“We Acknowledge Our Weariness”
November 26, 2023
First Sunday of Advent
Psalm 80:1-1; 17-19
To the leader: on Lilies, a Covenant. Of Asaph. A Psalm. 1 Give ear, O Shepherd of Israel, you who lead Joseph like a flock! You who are enthroned upon the cherubim, shine forth 2 before Ephraim and Benjamin and Manasseh. Stir up your might, and come to save us! 3 Restore us, O God; let your face shine, that we may be saved. 4 O Lord God of hosts, how long will you be angry with your people’s prayers? 5 You have fed them with the bread of tears, and given them tears to drink in full measure. 6 You make us the scorn of our neighbours; our enemies laugh among themselves. 7 Restore us, O God of hosts; let your face shine, that we may be saved. 17 But let your hand be upon the one at your right hand, the one whom you made strong for yourself. 18 Then we will never turn back from you; give us life, and we will call on your name. 19 Restore us, O Lord God of hosts; let your face shine, that we may be saved.
Since many have undertaken to set down an orderly account of the events that have been fulfilled among us, just as they were handed on to us by those who from the beginning were eyewitnesses and servants of the word, I too decided, after investigating everything carefully from the very first, to write an orderly account for you, most excellent Theophilus, so that you may know the truth concerning the things about which you have been instructed.
In the days of King Herod of Judea, there was a priest named Zechariah, who belonged to the priestly order of Abijah. His wife was a descendant of Aaron, and her name was Elizabeth. Both of them were righteous before God, living blamelessly according to all the commandments and regulations of the Lord. But they had no children, because Elizabeth was barren, and both were getting on in years.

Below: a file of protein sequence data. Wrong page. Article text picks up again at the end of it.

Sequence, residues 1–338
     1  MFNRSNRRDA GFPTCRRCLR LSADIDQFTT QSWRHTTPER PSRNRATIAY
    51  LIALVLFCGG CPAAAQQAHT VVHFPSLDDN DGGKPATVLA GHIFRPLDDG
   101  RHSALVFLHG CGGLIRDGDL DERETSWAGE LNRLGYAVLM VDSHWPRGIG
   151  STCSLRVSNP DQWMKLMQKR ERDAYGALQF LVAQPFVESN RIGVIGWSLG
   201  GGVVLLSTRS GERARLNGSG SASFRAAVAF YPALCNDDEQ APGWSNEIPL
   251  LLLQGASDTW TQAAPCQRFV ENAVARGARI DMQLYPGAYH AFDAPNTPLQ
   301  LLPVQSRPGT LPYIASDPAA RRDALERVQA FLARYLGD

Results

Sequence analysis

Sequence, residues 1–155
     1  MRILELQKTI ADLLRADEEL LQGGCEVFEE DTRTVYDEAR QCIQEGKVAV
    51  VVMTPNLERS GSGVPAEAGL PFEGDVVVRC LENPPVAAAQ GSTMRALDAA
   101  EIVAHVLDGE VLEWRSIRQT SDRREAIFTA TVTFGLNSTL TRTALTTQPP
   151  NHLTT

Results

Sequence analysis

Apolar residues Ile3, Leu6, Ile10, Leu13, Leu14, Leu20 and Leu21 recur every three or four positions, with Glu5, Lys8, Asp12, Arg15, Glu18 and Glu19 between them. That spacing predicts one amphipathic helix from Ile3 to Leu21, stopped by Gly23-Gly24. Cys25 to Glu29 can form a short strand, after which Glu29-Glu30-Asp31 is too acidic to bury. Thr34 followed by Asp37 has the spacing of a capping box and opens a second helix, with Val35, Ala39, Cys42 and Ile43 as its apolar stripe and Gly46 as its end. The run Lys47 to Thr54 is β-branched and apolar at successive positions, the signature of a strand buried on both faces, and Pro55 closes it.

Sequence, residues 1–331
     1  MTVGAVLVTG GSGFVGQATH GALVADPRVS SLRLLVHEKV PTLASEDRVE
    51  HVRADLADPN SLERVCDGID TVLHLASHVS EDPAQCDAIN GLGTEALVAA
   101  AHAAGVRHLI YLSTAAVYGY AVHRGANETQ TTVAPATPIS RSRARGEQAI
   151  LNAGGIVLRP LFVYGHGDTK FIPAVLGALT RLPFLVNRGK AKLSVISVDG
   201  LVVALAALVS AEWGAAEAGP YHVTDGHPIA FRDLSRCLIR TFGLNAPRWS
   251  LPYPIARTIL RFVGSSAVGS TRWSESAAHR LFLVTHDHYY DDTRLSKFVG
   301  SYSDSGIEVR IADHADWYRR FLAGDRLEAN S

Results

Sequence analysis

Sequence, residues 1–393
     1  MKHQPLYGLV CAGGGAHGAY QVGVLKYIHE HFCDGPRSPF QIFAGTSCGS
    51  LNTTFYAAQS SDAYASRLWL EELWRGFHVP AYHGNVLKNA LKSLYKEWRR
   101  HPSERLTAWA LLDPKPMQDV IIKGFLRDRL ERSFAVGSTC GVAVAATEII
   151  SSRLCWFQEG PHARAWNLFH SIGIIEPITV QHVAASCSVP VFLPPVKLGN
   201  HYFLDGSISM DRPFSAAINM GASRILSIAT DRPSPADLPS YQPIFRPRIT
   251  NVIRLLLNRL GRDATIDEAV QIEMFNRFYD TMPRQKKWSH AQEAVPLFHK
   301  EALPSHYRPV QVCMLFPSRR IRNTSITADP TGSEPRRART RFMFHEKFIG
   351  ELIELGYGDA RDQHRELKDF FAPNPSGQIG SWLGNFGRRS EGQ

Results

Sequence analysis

Once when he was serving as priest before God and his section was on duty, he was chosen by lot, according to the custom of the priesthood, to enter the sanctuary of the Lord and offer incense. Now at the time of the incense-offering, the whole assembly of the people was praying outside. Then there appeared to him an angel of the Lord, standing at the right side of the altar of incense. When Zechariah saw him, he was terrified; and fear overwhelmed him. But the angel said to him, ‘Do not be afraid, Zechariah, for your prayer has been heard. Your wife Elizabeth will bear you a son, and you will name him John. You will have joy and gladness, and many will rejoice at his birth, for he will be great in the sight of the Lord. He must never drink wine or strong drink; even before his birth he will be filled with the Holy Spirit. He will turn many of the people of Israel to the Lord their God. With the spirit and power of Elijah he will go before him, to turn the hearts of parents to their children, and the disobedient to the wisdom of the righteous, to make ready a people prepared for the Lord.’ Zechariah said to the angel, ‘How will I know that this is so? For I am an old man, and my wife is getting on in years.’ The angel replied, ‘I am Gabriel. I stand in the presence of God, and I have been sent to speak to you and to bring you this good news. But now, because you did not believe my words, which will be fulfilled in their time, you will become mute, unable to speak, until the day these things occur.’
Meanwhile, the people were waiting for Zechariah, and wondered at his delay in the sanctuary. When he did come out, he could not speak to them, and they realized that he had seen a vision in the sanctuary. He kept motioning to them and remained unable to speak. When his time of service was ended, he went to his home.